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Old 10-21-2017, 12:36 PM
Topologist Topologist is offline
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Does all life depend on other life?

A question raised by my wife, but one I'm interested in as well: Do all living things (on Earth, of course) depend on other living things, or the remains of previously living things, to grow and reproduce? Are there any organisms that can survive and prosper with, say, just sun and water, without the need to consume nutrients from other living or formerly living things?
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Old 10-21-2017, 12:59 PM
DPRK DPRK is offline
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You can get rootless plants. So, yes, with the right biochemistry all you need is light, air, and water.

Last edited by DPRK; 10-21-2017 at 01:01 PM.
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Old 10-21-2017, 01:07 PM
Darren Garrison Darren Garrison is offline
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Sun and water? No. Chemicals oozing from volcanic vents in the deep ocean floor? Maybe, in theory. Google chemoautotrophs.
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Old 10-21-2017, 01:34 PM
Colibri Colibri is online now
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In theory, organisms like cyanobacteria could under the right circumstances obtain necessary dissolved inorganic nutrients from water, and use these together with sunlight and atmospheric carbon dioxide to make food. However, in practice nutrients derived from the decay of or excreted by other organisms are so prevalent that most organisms will be using these.

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Originally Posted by Darren Garrison View Post
Sun and water? No. Chemicals oozing from volcanic vents in the deep ocean floor? Maybe, in theory. Google chemoautotrophs.
Right, although the same caveat applies that organisms may be absorbing some nutrients from the decay of other organisms.

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Originally Posted by DPRK View Post
You can get rootless plants. So, yes, with the right biochemistry all you need is light, air, and water.
"Air plants" still require nutrients, which they acquire from dust particles in the air or rainwater. Again, at least some of these were previously contained in living organisms.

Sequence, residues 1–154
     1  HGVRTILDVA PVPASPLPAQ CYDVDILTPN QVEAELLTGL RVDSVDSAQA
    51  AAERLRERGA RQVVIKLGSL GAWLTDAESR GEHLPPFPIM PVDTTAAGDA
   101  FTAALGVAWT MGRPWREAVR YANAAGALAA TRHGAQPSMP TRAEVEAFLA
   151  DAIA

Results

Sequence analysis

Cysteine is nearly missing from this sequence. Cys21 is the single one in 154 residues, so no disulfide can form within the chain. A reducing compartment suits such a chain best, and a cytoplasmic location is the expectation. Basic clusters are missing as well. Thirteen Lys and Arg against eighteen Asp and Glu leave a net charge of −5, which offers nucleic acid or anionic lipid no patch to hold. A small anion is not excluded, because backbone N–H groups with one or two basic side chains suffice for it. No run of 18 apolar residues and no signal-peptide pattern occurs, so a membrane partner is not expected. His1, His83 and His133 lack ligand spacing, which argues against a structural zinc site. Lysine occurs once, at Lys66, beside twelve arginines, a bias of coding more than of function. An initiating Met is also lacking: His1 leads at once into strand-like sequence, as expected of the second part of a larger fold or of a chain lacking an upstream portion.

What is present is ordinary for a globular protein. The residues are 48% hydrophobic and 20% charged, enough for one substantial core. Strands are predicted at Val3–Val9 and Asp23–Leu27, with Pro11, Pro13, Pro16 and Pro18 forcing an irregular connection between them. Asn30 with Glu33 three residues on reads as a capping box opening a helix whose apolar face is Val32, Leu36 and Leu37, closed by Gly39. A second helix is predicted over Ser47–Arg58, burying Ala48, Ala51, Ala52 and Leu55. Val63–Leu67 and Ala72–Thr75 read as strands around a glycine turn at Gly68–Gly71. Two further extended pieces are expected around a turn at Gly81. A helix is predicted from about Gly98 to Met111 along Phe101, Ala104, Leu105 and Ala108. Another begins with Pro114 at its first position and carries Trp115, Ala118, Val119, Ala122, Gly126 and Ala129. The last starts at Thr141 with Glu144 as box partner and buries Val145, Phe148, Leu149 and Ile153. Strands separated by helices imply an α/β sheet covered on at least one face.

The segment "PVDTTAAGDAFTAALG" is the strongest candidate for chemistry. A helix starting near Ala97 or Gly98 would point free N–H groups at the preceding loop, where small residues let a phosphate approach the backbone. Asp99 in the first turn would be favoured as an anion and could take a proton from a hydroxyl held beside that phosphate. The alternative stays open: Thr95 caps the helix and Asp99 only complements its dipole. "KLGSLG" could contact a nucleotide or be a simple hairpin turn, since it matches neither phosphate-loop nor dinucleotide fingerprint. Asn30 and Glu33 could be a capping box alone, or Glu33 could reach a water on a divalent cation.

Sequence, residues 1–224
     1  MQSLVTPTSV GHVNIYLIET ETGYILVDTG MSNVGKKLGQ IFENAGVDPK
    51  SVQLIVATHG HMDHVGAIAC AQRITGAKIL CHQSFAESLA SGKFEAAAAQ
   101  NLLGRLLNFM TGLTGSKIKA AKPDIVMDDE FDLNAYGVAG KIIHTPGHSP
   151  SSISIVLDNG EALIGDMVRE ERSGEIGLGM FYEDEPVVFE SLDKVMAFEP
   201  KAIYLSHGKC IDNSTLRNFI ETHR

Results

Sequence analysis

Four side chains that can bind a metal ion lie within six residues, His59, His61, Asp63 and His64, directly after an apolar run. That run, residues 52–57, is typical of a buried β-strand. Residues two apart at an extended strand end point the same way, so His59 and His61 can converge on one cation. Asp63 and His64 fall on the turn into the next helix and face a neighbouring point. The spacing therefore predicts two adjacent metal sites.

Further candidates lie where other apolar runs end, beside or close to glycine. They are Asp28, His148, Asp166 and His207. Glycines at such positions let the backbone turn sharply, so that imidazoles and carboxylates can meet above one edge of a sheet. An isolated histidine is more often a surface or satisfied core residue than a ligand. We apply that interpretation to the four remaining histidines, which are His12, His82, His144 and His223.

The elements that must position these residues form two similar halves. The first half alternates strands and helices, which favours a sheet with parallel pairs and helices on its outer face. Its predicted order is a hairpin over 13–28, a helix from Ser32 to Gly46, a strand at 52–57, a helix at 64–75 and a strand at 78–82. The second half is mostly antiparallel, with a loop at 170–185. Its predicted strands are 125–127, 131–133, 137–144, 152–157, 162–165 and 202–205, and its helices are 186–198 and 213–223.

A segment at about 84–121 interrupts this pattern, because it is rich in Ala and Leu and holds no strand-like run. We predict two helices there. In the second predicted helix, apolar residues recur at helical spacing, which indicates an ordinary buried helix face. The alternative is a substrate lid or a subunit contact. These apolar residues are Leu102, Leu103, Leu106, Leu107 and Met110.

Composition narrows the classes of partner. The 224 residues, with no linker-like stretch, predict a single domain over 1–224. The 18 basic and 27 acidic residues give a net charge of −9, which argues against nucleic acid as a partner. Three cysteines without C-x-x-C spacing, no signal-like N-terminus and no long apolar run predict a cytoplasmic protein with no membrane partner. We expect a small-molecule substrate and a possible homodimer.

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Old 10-21-2017, 01:51 PM
Topologist Topologist is offline
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Thanks, Colibri et al., I was kind of thinking along those lines, that life-derived organic compounds are so prevalent now that it would a rare form of life that didn't take advantage of that. So, two followup questions:

  • Are we reasonably certain that there are no current life forms that live on only inorganic nutrients? Do we know enough about the primary producer organisms living in/near the deep-sea vents to say one way or another about them?
  • What do we know about ancient organisms? Presumably, the first life forms had to rely on only what compounds existed before the advent of life (if we can even draw a line there somewhere), but do we know anything beyond such speculation?
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Old 10-21-2017, 01:58 PM
SamuelA SamuelA is offline
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Some higher end photosynthetic bacteria have the ability to make everything they need, if given sunlight, some inorganic minerals, and water. The bacteria have these clever control mechanics where they don't produce things that are in abundance in the environment, but some of them still have the genes to make just anything.

So no, that kind of bacteria doesn't depend on anything else but a nonbiological environment. I've grown some in college.

For keeping humans alive, for evolutionary reasons that are too complex to explain easily (has to do with generation number and genetic drift), we need a larger array of biologicals to keep us kicking. But it's not as broad an array of species as you think. Probably a few dozen strains of photosynthetic algae and bacteria could be used to make a closed loop life support system that could keep human beings alive indefinitely.
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Old 10-21-2017, 01:58 PM
Stranger On A Train Stranger On A Train is offline